In yet another aspect of the invention an agent-reservation fairness software for operation in a communication center and dealing with requests by network-level routers for connection to agents at the communication center is provided, comprising a monitor for monitoring incoming requests for connection to agents; an initiator for starting a fairness timer having a fairness time-out period; and a fairness algorithm for determining which of multiple requests for connection to a same agent to grant. The monitor, on receiving a first request for connection to an agent causes the initiator to start the fairness timer, and at expiration of the fairness time-out period, in the event of further requests for connection to the same agent, the fairness algorithm executes and determines which request for the same agent to grant.
In preferred embodiments of the software the period of the fairness timer is set to be equal to or greater than twice the difference between network round-trip latency for the longest latency and shortest latency routers requesting service from the communication center. The requests may be for telephony connections, either connection-oriented switched telephony (COST) or Internet Protocol Network Telephony (IPNT) calls.
In some embodiments of the software there is a second initiator for starting an agent reservation timer at the same time as starting the fairness timer, the agent reservation timer having a period longer than that of the fairness timer. The period of the agent reservation timer is longer than that the fairness timer by a time sufficient for a connection to be made to the agent station once access is granted, and for notification of the connection to be made to network-level entities, and the fairness algorithm may operate on one or both of load and agent availability data.
In embodiments of the invention described below in enabling detail, for the first time a system is provided for call centers wherein fair access can be provided to requests for service from multiple and disparate sources having different latency characteristics, such that a request from a network entity having a long latency will receive equal chance of reserving and connecting to an agent as a network entity having a short latency.
FIG. 1 is an overview of a network communication system enhanced with the software of the present invention according to an embodiment of the present invention.
FIG. 2 is a process flow chart illustrating steps for reserving and connecting to an agent using a single router according to an embodiment of the present invention.
FIG. 3 is a process flow chart illustrating steps for determining which of two network-level routing systems will be granted access to an agent according to an embodiment of the present invention.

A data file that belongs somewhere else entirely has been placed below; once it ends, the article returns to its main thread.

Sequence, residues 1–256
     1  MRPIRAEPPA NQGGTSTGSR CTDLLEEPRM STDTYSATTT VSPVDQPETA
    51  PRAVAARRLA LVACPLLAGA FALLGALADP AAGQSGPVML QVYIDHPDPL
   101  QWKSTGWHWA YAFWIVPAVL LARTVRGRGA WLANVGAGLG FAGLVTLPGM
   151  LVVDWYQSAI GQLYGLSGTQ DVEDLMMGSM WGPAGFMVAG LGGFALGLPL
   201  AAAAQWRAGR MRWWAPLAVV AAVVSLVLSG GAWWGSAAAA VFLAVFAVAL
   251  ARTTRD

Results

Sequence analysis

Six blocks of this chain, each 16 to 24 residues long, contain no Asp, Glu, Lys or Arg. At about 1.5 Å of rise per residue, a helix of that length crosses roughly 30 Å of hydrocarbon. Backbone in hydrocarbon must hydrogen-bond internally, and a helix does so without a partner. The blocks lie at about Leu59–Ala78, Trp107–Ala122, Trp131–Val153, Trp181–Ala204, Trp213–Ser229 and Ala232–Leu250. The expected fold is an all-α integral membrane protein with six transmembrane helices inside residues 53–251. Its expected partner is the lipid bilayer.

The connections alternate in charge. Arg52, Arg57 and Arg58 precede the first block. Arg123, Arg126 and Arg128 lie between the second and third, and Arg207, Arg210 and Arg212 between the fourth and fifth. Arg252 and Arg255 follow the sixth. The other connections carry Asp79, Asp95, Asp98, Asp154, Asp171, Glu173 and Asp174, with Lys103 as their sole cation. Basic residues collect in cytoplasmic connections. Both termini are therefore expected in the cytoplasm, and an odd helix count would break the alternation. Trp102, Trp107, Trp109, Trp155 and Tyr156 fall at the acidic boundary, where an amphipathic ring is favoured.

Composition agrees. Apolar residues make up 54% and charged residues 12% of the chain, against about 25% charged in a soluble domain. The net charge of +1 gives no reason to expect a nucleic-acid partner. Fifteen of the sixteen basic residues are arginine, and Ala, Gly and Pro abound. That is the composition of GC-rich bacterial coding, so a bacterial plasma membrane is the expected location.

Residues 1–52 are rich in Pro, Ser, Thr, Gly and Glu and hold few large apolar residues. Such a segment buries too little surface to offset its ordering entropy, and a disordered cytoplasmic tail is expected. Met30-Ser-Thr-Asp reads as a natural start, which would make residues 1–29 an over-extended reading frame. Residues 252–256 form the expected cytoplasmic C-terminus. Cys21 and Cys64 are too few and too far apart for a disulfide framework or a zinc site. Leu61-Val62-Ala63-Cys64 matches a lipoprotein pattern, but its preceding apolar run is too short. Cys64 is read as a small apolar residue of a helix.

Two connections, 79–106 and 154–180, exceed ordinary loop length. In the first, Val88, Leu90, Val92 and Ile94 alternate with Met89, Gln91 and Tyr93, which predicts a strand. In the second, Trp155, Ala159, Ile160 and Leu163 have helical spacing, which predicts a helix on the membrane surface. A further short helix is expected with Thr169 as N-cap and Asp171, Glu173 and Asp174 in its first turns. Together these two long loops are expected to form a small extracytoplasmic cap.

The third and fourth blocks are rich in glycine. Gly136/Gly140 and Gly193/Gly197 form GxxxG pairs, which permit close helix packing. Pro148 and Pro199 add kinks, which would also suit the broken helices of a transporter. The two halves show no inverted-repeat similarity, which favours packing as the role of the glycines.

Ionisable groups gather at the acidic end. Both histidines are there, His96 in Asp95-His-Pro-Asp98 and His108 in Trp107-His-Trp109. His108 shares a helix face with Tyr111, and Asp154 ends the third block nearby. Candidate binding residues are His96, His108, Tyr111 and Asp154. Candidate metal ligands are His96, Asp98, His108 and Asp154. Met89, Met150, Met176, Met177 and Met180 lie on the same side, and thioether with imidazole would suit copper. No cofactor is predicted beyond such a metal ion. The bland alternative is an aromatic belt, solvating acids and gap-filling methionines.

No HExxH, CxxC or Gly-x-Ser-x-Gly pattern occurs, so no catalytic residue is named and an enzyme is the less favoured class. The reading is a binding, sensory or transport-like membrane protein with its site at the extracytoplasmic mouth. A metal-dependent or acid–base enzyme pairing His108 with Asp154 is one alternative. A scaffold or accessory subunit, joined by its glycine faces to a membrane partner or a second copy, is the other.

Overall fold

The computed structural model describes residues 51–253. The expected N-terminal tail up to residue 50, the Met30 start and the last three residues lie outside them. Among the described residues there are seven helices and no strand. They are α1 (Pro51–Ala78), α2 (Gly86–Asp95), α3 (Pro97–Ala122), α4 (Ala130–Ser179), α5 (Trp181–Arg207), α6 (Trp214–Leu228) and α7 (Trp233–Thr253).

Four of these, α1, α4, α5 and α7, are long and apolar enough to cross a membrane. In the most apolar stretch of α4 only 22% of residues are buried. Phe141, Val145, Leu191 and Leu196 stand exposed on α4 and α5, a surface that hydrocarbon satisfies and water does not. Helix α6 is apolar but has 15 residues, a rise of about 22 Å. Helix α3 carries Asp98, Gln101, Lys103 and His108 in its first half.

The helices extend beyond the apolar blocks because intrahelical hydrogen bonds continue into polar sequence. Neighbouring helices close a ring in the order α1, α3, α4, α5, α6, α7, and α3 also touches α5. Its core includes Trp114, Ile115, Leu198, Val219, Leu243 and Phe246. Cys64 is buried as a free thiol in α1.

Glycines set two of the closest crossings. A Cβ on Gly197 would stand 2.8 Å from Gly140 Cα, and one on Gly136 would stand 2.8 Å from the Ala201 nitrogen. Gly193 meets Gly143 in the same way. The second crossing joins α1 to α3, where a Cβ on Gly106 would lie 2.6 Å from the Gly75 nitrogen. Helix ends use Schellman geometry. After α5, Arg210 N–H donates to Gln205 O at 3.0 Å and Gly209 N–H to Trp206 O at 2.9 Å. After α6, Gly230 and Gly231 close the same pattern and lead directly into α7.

As described in the background section, latency variations inherent in different routing systems can cause inadvertent priority states to exist for callers and groups of callers attempting to secure available agents in a communication center. The inventor provides a CTI system that eliminates or at least significantly reduces undesired priority states that may exist due to such latency differences.
FIG. 1 is an overview of a network communication system 9 enhanced with the software and according to an embodiment of the present invention. Communication system 9 comprises a telephony network 11 and a connected communication center 17. Network 11 may be a PSTN network, an IPNT network, or a combination of the two. In this example, network 11 is a PSTN network and will serve to describe examples of the present invention.
Communication center 17 may be a large CTI service center, or any other type of CTI-enhanced communication center. Center 17 may also be capable of IPNT communication in combination with COST communication. In this example, communication center 17 is a CTI-enhanced telephony center and will serve to enable explanation of the present invention.
It is known that there are many separate routing systems that may exist within a PSTN network such as network 11. Two such systems illustrated herein are system 13 and system 15. Systems 13 and 15 are separate from each other in that they use separate equipment and connection lines as well as separate router intelligence to route telephony traffic. Systems 13 and 15 represent any two routing systems in network 11 that are not local to each other in a geographic sense.
Routing system 13 has a local telephony switch 27 adapted to receive calls from individuals operating in that locale. Switch 27 may be an ACD or PBX type switch, or any other type of telephony switch that may be known in the art. An incoming call represented by a vector 33 is illustrated as arriving at switch 27.